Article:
Several people have asked me this question over the years. I've hesitated to post about it because I don't have all the answers. I only know what has worked for our family. My kids don't eat everything. They have differing pallets just as we all do - AND 2 of my 4 kids have food allergies that we work around.
Food allergies include: eggs, peanuts, tree nuts, seafood & shellfish. I'm grateful that we don't have any of the more complicated food allergies like dairy, wheat, soy lecithin, etc. All of our food allergies are generally easy to avoid and don't limit our food choices much. We still have lots of different nuts, peanut butter, eggs and seafood in our home - the allergy kids know what to eat and what to avoid.
My personal opinion is that "kid food" in general is gross and lacks in nearly every food category out there. Chicken nuggets, macaroni and cheese out of the box, spagettios, chef boyardi ravioli, chicken noodle soup from a can, all fast food, ad nausea. I haven't raised my kids to be food snobs, but I've heard them say a few "food snobby" things - like "they sell frozen chicken nuggets shaped like dinosaurs? Disgusting!" BUT, thanks to my mom, the kids had Macaroni and cheese out of the blue box for the first time a few months ago and thought it was amazing.
When my oldest child was born - I was trying to adjust from working full time to training my replacement part time and figuring out how to be a stay at home Mom. As all first time Mother's do - I had a difficult time making the transition BUT the hardest part of being a first time Mom was feeding him. Sitting down for 30 minutes to nurse every 3 hours was incredibly hard for me. I'm someone who loves to be on the go - doesn't like to sit down, can't stand to kill time. When I stopped nursing, I tried to feed him baby food ONE TIME. One time - I couldn't stand to spend 45 minutes feeding him baby food. So, basically, I was a lazy Mom who didn't want to sit down to feed her baby baby food. As luck would have it - all my kids all got their teeth early - they all had a full set by their first birthday. SO... we've raised our kids to eat what we eat. No short order cook. No options.
A few things we've intentionally instigated:
The "No Thank You Bite"
When we introduce a new food to our kids and they are hesitant to try it, we remind them of our "no thank you bite" rule. You are required to take ONE bite of everything on your plate. If you don't like something, just say, "no thank you" and we thank the kids for trying something new. At this point, our older kids (10, 9 & 6) are willing to try everything because they know they won't be forced to eat it or finish it. Using this method has allowed my children to fall in love with veggies like asparagus & beets - to actually request certain veggie sides they like for dinner, etc.
Our kids have all gone through a "picky phase" - usually when they are 3 or 4. I have dealt with that by using trickery:) I cut snacks down to a minimum with the particular picky eater. I make dinner with ONE thing I know that picky eater will eat. It is usually a side dish. The picky eater will devour the one thing they like - but they know they are required to take a bite of everything on the plate. This means they don't starve - but they continue to expand their pallets and quickly realize that there are many foods out there that they like.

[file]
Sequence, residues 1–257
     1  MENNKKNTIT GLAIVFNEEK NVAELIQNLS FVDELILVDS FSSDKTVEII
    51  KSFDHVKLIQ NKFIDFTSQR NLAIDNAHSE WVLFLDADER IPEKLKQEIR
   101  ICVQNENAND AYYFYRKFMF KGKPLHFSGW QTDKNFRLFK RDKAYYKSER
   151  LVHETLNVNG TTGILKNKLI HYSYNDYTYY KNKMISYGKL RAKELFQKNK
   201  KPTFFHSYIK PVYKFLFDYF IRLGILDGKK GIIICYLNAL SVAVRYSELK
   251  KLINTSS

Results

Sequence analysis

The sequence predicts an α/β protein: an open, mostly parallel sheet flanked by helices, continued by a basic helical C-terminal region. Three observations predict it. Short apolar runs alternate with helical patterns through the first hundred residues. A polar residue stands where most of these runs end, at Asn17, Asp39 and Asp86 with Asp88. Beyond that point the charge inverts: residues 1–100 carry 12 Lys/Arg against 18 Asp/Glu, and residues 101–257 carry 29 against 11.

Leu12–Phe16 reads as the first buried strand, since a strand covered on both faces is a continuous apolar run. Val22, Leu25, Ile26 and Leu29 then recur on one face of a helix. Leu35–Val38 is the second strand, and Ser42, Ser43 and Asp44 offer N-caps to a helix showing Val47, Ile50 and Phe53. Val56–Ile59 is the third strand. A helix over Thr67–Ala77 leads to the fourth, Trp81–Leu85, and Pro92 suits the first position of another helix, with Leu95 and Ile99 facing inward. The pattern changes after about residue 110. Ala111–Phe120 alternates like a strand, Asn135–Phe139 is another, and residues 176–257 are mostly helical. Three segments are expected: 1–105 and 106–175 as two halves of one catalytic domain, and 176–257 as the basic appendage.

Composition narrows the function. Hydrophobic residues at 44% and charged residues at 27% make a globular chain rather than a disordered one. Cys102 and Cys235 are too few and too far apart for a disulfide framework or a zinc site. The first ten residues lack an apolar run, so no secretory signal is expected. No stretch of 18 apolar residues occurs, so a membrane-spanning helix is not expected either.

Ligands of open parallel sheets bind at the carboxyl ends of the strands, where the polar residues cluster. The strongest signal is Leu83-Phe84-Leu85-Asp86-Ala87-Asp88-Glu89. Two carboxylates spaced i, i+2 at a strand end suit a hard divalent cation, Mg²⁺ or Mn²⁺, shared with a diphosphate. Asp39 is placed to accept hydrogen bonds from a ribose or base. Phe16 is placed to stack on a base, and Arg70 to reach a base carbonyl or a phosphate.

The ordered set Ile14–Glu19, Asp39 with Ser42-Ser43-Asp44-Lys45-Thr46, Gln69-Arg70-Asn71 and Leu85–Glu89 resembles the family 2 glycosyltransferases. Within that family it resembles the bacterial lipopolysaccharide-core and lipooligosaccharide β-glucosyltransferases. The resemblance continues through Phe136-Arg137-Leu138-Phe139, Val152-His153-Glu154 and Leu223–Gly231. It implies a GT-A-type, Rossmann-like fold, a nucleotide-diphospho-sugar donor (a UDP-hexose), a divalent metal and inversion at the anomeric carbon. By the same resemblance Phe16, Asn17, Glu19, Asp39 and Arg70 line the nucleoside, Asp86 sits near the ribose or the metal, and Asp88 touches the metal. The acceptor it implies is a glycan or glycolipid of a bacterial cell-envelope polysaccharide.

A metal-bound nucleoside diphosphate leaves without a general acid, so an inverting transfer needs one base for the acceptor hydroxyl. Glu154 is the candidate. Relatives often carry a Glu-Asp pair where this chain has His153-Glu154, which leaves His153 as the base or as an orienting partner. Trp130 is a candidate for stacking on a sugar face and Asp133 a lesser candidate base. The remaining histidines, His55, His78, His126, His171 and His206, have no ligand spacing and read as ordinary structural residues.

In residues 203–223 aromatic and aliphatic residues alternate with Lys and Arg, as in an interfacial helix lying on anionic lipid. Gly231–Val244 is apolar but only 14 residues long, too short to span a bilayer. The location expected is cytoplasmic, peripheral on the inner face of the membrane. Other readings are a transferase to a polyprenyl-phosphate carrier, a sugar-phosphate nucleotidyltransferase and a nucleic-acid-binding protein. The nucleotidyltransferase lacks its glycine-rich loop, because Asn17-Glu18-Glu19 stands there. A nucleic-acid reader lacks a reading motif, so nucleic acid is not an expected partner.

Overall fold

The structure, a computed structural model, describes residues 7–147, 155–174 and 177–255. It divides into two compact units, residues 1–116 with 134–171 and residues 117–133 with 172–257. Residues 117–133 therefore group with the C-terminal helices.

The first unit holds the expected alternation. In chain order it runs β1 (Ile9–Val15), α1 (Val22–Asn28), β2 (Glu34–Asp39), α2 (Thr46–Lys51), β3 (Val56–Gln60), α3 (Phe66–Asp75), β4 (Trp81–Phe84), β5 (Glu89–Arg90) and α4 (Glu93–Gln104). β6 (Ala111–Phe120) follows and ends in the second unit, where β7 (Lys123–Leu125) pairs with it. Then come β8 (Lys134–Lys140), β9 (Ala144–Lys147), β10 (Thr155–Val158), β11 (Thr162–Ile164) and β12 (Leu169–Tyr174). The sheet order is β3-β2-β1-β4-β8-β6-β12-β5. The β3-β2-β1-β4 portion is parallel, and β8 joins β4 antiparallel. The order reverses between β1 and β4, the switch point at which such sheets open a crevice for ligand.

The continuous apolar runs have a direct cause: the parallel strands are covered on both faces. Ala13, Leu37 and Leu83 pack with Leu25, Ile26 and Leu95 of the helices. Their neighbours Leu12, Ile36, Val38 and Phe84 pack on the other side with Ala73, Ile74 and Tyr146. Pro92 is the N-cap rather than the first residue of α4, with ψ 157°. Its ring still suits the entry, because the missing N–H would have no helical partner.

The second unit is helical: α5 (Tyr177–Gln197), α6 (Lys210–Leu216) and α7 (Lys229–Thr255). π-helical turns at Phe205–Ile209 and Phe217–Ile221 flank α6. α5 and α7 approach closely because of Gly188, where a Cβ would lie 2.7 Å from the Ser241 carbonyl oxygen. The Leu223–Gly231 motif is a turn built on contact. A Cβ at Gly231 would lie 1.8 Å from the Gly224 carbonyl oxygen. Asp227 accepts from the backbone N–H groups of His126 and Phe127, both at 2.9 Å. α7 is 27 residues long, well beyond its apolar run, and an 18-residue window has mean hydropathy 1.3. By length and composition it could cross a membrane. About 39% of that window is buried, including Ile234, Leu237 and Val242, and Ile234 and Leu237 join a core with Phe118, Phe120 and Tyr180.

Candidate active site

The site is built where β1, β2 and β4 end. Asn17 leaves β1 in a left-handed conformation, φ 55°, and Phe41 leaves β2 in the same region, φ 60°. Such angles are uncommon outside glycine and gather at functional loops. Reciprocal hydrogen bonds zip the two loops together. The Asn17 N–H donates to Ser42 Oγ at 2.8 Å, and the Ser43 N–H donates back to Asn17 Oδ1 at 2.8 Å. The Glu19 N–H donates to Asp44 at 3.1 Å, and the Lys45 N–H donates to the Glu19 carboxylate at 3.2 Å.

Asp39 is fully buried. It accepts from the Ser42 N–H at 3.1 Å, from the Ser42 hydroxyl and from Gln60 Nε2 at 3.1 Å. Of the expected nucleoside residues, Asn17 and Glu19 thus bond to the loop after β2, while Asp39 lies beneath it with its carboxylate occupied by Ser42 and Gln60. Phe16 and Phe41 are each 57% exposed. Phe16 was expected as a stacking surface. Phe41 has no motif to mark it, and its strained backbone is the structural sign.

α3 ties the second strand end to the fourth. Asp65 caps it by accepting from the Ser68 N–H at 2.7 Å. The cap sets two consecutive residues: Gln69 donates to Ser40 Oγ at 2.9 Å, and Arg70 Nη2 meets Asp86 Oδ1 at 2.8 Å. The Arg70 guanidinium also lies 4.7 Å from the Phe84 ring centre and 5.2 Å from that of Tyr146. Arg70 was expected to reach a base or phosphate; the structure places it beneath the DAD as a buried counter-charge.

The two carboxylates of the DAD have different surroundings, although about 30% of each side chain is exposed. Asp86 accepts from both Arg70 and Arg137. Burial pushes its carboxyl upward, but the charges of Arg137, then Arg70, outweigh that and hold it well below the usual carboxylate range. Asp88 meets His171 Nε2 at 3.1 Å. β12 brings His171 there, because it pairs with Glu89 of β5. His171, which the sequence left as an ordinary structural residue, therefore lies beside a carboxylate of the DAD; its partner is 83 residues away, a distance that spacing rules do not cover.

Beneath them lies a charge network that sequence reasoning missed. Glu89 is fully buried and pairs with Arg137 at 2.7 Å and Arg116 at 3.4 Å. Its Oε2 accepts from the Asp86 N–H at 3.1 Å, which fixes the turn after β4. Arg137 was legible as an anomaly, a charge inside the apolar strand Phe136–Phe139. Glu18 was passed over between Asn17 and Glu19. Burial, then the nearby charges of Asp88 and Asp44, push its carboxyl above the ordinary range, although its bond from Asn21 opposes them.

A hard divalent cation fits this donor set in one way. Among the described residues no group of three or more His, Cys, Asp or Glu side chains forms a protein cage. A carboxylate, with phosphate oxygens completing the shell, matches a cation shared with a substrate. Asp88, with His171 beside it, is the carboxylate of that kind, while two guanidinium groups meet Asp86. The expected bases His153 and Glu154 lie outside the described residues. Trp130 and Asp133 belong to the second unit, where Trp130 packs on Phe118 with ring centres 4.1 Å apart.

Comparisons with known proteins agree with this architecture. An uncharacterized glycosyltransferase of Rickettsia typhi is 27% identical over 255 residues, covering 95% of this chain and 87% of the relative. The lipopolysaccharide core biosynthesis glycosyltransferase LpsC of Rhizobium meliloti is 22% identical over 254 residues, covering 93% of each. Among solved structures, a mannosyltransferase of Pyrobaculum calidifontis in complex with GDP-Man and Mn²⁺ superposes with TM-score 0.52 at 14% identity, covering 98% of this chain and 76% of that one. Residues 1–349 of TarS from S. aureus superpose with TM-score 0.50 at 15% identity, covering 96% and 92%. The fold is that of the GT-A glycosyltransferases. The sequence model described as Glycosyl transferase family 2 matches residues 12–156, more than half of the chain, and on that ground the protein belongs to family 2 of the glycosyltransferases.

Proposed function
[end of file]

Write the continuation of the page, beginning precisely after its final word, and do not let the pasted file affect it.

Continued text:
We emphasize the importance of table manners with all of our kids - to the point that if they practice good table manners - they can earn 5 points on our "points system" HERE. We focus on basic table manners. Saying please and thank you, sticking to appropriate conversations (no potty talk - since my kids think tooting is the most hilarious thing on the planet), having cordial conversations (what did you do today? what did you learn today?) listening intently, not interrupting, no talking with your mouth full, when getting up from the table (to refill a drink or get seconds) ask "Can I get anything for anyone while I'm up?" Asking to be excused from the table when they are finished with dinner, etc.
Because we've introduced and emphasized the two items above, taking 4 kids (10,9,6 & 2) to dinner is easy and enjoyable. As soon as the kids can talk, we have them order their own dinners. They know to speak up and speak clearly so the waiter can hear them. They know to start ordering by saying "I would like..." then order an entree, a side and a drink - finish the order by saying "thank you." They also know to talk or draw quietly while everyone else orders their food.
As soon as my kids show interest or capability, they are involved in making meals for the family. They start about age 2. The easiest things to have them help with are crock pot meals or soups. You open the cans, they get to dump all the ingredients in. They love to stir the ingredients around AND - here's the best reason of all - they are excited to EAT what they have helped prepare. As they get older, they learn to know the ingredients and know what tastes good with what. Each of our kids makes dinner for the family - with supervision but little help - once a month - except for our newly minted 2 year old:) Cooking has also given them confidence in their abilities and in themselves. They also have opinions on what we have for dinner or what they want to make for their dinner night - which leads to a fun shopping trip where they make the list and pick the ingredients.
So that is my answer. I've probably gone into too much detail - and I'll probably think of 100 other things we've done - but that is my answer for now.